Update: Dell to buy Quest for $2.4 billion

Deal would boost Dell's software position versus rivals IBM, HP, BMC and CA

Dell announced Monday that it is buying Quest Software for $2.4 billion, following weeks of speculation over its interest in the infrastructure software vendor. The deal is expected to close later this year.

Quest's products include the Toad database management toolset, Quest One Identity management software, and the SonicWALL and Secureworks products, all of which will be complementary to Dell's portfolio, the companies said in a statement.

It's the latest acquisition by Dell since its formation earlier this year of a new software division, headed by former CA Technologies CEO John Swainson. In March, Quest announced it was going private through a $2 billion stock buyback along with private equity firm Insight Venture Partners, but also said it was open to better offers.

"Quest's suite of industry-leading software products, highly talented team members and unique intellectual property will position us well in the largest and fastest growing areas of the software industry," Swainson said in a statement.

"This agreement is great news for our customers and partners worldwide," Quest CEO Vinny Smith said in a letter to customers. "Dell's distribution, reach and brand are well recognized in the industry. Dell is acquiring Quest as the foundation to their software business."

In doing so, Dell will bring itself into closer competition with the "Big Four" systems management vendors, IBM, Hewlett-Packard, BMC and CA.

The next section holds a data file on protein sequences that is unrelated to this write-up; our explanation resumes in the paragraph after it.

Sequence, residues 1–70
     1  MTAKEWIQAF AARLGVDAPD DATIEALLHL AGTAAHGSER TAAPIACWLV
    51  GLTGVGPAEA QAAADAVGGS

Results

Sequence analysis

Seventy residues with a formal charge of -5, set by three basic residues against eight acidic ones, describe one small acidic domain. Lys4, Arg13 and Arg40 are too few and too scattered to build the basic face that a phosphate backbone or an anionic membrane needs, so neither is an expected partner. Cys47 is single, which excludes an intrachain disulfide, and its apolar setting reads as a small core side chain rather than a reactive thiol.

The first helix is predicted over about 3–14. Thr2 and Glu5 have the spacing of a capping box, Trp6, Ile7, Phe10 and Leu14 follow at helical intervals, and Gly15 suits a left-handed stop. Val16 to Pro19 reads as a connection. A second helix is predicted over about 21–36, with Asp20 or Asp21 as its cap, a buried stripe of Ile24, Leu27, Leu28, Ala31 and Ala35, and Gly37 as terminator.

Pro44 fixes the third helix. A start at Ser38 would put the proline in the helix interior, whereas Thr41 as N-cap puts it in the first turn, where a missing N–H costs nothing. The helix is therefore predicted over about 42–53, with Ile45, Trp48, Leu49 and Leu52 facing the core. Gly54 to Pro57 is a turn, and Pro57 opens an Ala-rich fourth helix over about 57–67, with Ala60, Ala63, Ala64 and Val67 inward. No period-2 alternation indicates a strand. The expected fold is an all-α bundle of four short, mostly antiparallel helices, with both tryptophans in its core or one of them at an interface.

Quest had $857 million in revenue during its fiscal 2011, and its addition will provide Dell with "the foundation of a $1.2 billion software business," according to a statement.

"We've been making good progress bringing to market Dell software IP, and the acquisition of Quest accelerates that process," Swainson said during a conference call on Monday.

Going forward, Dell plans to pair up its software with its servers and services business to provide "unique, value-added differentiation," Swainson added. "We're not looking randomly at software profit pools."

Dell's strategy will keep three broad industry trends in mind, namely "exponential data growth," the rise in cloud-based software, and mobile device proliferation, he said. All of these present risks to businesses, and Dell will offer companies ways to manage them, according to Swainson.

Initially, Dell will sell Quest's products as suites, but will look for ways to integrate its offerings over time, according to executives. The Quest family of software, which also includes Windows server management tools, are a natural fit alongside other recent Dell acquisitions, such as application modernization vendor Clerity, Swainson said.

A number of Quest's products are offered as SaaS (software as a service). Dell will look at adding more SaaS deployment options, according to Swainson.

Dell will also keep an eye on the applications market, with a focus on small to medium-sized businesses, he said. It wasn't clear whether Swainson was referring to acquisitions, or an extension of the company's existing Cloud Business Applications service, through which it resells products such as Salesforce.com.

Chris Kanaracus covers enterprise software and general technology breaking news for The IDG News Service. Chris's e-mail address is Chris_Kanaracus@idg.com

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